Conmebol behind United 2026 as South Africa backs Morocco
Conmebol, the South American soccer confederation, has endorsed the North American bid for the 2026 Fifa World Cup, while South Africa has given its backing to the rival bid from Morocco.
Conmebol follows in the footsteps of the Central American Football Union (UNCAF) which has also pledged its support to the USA-Canada-Mexico bid.
In a statement on Friday, United 2026 said: "The United Bid of Canada, Mexico and the United States is grateful for today's endorsement by Conmebol, the confederation representing ten South American member associations. This announcement builds on the support of UNCAF's six voting member associations that the United Bid was honoured to receive in March.
“We look forward to continuing our conversations with Member Associations around the world, highlighting the operational and economic certainty of our bid for the entire Fifa family."
The United 2026 bid is up against Morocco in the race to host the World Cup, which has not been played in North America since 1994 when USA was the sole host.
In its submission last month United 2026 announced a list of 23 potential host cities, of which Fifa is expected to choose 16 to stage matches if the bid is successful.
There are 17 from USA and three each from Mexico and Canada.
If the bid is successful, USA is expected to stage 60 of the 80 matches, with 10 each in the other two host countries.
Morocco’s bid today received the support of the South Africa Football Association.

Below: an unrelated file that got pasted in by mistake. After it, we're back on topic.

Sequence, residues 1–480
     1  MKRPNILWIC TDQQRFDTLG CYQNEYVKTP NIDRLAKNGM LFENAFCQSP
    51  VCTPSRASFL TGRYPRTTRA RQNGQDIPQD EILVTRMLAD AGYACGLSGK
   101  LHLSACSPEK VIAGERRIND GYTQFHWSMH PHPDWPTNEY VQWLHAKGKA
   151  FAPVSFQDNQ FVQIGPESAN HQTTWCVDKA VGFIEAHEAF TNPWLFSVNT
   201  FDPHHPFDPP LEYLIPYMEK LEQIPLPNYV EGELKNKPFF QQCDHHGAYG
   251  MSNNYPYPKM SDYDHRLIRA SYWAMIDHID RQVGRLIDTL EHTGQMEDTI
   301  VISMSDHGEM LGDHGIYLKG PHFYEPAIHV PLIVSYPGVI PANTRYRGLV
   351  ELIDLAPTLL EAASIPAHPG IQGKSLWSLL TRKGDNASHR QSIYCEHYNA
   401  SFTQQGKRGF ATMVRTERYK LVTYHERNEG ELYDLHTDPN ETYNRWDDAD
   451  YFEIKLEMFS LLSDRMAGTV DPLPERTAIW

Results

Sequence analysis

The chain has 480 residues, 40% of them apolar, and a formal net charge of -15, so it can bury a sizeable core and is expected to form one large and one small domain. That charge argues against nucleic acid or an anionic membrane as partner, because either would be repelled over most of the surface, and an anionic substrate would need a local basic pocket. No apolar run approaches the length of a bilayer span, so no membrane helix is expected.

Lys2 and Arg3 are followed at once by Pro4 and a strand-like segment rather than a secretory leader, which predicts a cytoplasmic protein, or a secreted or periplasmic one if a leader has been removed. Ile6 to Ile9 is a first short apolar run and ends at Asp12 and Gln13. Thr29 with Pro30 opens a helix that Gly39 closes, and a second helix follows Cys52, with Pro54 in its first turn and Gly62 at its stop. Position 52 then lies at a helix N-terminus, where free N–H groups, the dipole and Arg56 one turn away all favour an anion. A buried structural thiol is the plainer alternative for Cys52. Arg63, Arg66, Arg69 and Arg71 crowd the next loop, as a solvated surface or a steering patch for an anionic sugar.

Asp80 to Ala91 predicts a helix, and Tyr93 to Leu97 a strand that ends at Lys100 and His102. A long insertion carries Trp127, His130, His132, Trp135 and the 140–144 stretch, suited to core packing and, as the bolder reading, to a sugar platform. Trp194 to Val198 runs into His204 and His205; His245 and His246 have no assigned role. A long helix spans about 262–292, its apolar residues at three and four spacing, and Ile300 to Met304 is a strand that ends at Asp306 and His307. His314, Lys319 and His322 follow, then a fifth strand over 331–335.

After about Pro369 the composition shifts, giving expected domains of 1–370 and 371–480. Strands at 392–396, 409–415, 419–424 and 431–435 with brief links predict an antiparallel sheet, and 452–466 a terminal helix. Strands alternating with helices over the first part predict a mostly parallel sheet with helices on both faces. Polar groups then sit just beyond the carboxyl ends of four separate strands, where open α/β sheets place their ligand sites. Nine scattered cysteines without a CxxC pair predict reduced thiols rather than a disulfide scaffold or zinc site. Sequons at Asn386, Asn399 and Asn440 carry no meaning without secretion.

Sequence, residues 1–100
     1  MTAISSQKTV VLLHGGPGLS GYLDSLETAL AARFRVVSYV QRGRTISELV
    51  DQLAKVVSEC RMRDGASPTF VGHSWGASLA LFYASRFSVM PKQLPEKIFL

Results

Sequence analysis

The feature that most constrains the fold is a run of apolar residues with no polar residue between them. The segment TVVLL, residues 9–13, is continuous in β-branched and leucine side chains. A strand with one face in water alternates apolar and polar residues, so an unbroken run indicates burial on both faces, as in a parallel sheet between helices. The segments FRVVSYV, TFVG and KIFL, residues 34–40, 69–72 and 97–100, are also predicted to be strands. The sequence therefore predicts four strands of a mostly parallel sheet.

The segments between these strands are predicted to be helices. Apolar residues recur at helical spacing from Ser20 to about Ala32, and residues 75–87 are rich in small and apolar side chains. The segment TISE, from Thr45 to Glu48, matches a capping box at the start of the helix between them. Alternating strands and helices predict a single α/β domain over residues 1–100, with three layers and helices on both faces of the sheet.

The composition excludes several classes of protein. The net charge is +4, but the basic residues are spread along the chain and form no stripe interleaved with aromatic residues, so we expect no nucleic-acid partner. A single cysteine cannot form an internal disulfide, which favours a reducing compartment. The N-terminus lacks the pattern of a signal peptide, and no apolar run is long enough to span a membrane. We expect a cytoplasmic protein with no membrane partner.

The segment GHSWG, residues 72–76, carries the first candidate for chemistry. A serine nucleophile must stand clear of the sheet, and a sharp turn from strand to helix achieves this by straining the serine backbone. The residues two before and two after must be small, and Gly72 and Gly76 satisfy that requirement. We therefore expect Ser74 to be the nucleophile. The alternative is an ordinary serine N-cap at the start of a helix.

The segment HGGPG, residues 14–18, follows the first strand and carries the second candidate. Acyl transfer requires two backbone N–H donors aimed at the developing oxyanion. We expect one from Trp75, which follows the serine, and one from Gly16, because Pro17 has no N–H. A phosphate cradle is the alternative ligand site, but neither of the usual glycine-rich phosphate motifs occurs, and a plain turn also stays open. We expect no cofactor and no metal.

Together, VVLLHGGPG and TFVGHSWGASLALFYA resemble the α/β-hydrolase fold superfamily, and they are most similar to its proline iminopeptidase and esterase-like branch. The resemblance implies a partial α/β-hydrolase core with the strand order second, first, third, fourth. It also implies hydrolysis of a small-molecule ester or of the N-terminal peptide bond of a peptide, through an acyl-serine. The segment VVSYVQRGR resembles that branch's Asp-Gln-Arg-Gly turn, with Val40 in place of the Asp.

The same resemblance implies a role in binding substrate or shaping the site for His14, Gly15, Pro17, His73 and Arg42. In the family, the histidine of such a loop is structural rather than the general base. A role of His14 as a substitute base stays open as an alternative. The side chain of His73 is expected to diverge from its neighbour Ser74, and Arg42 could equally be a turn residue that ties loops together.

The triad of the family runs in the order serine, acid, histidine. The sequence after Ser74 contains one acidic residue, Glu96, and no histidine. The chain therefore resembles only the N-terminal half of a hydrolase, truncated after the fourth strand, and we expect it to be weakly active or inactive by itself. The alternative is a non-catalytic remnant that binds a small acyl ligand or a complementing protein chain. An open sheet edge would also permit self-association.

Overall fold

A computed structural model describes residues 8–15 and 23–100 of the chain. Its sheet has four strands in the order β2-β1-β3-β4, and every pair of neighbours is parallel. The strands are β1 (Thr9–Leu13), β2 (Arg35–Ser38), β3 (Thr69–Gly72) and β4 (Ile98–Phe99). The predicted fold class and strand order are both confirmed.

Declaring his support, Danny Jordaan, president of Safa, said: “It is an old myth that Africa doesn’t have the capacity and naysayers should stop using the political argument. Africa hosted the best FIFA World Cup ever [in South Africa in 2010] and with good support, Morocco can emulate South Africa.
“South Africa showed the way and I am confident Morocco will follow suit. The country has international standards; from the stadiums to top infrastructure. Morocco can compete with the best in the world.”
Jordaan was the head of the organising committee for the 2010 World Cup in South Africa, which was chosen ahead of Morocco to stage that particular tournament.
Earlier this month, officials from Algeria and Angola revealed that they would also be supporting Morocco's bid.
Government ministers from both Dominica and St Lucia have publicly backed the Moroccan candidacy but the Caribbean Football Union has stressed that the statements do not mean the countries' soccer representatives will vote that way in June.
Morocco plans to spend around $16 billion to get the country in shape to stage the World Cup.
Nine new stadiums are planned, including a 93,000-capacity national team home in Casablanca that would stage the opening game and final in 2026.
If both bids pass eligibility tests, the selection of the 2026 World Cup host will be made by the full Fifa membership at a Congress in Moscow on 13 June, the eve of this year's tournament in Russia.
Officials from Fifa's evaluation task force arrived in Morocco today to begin inspections.
The group will visit several cities, stadiums and training camps this week.
The task force has already completed its trip to North America, which last week took in Mexico City, Atlanta, Toronto and New York/New Jersey.